Anthony Ameen’s story is a battlefield story that resounds with heroism.

But the Ahwatukee man and Afghanistan war veteran, whoserved as a U.S. Navy Hospital Corpsman from 2002-2010, doesn’t care much for the word “hero.”

Unless it refers to other wounded warriors.

The Class of 2000 Desert Vista High School alumnus, still known as “Doc” Ameen, cares so much for these returning injured warriors that he founded a nonprofit, called “Wings for Warriors,” six years ago to help them.

The Purple Heart recipient also has been lobbying for changes in the way his wounded veterans are treated by the U.S. Department of Veterans Affairs.

He remembers all too well how financial and healthcare benefits were often hard to obtain as he battled back through more than 30 surgeries as he recovered from a lost limb and other injuries he sustained in Afghanistan.

His organization stemmed from a project called “Wings for Anthony” that Ahwatukee neighbors and friends undertook to help his parents, Rusty and Jan Ameen get to their youngest son’s side as he recovered from horrendous combat wounds.  

On July 21, 2008, during a Taliban counterattack in Nowzad, Afghanistan, Ameen, operating with the 2nd Battalion/7th Marine First Division was radioed by his platoon staff sergeant to assist a wounded Marine.

Without a thought for his own safety, Ameen set off on a harrowing and life-altering run.

“I started running to help him and stepped on an IED,” Ameen recalled “The amount of pain I felt that morning was so intense, I wouldn’t wish it on anyone. I’m very fortunate to have lived through that.”

Only four months into his Afghanistan deployment, the then-27 year-old said he knew he’d lost his left foot.

The extent of his injuries would later be found to include two shattered legs and a crushed left wrist with two dangling fingers.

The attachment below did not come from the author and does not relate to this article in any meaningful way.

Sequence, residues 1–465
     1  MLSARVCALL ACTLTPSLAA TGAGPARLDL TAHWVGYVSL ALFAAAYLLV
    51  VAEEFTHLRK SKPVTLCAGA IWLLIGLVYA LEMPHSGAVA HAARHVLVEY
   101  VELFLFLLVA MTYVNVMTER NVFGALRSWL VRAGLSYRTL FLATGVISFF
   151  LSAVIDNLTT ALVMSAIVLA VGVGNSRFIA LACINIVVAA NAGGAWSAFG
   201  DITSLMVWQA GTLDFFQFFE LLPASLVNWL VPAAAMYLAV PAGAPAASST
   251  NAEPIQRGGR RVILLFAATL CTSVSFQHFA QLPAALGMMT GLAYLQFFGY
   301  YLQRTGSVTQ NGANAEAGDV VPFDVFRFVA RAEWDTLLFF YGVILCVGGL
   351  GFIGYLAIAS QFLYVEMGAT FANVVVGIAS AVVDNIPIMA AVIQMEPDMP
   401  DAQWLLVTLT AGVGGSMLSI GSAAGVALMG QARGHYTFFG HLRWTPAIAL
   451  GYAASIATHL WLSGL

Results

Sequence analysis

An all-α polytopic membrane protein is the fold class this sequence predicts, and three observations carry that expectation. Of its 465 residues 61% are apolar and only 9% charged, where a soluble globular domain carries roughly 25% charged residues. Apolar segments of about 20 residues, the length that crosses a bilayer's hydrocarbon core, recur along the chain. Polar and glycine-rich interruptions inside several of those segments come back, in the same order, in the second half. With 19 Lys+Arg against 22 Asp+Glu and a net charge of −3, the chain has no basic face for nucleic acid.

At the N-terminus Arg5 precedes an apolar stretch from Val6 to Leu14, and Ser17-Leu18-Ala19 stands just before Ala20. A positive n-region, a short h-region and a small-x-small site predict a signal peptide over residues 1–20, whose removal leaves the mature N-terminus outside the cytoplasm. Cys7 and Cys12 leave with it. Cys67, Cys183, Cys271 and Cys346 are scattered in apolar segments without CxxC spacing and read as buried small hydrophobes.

His corpsman training kicked in as he clearly remembered hanging on to those two fingers so they wouldn’t be lost.

During his ensuing 32 surgeries, the lower half of his left leg was amputated. Reconstructive surgeries were required for his left hand and fingers. His “noodle” of a right leg was eventually reconstructed but for some time, its fate was borderline.

And then there was the mental and emotional suffering of Post-Traumatic Stress Disorder.

Jan Ameen recalled the phone call that changed their lives.

“We hurriedly made plans to fly to Brooke Army Medical Center in San Antonio to be by our son's bedside,” she said.

“Little did we know, that, that would be the first of many flights over the next two years,” she said. 

It was then that Wings for Anthony was launched.

“We were so touched, but set the money aside for later use,” Jan said. “Little did we know at the time that it would come full circle.  He later used that money to help start his nonprofit, Wings for Warriors.”

“Anthony's dream has come true, for he’s helped provide assistance to over 2,000 wounded warriors with healthcare, financial benefits and counseling,” she added.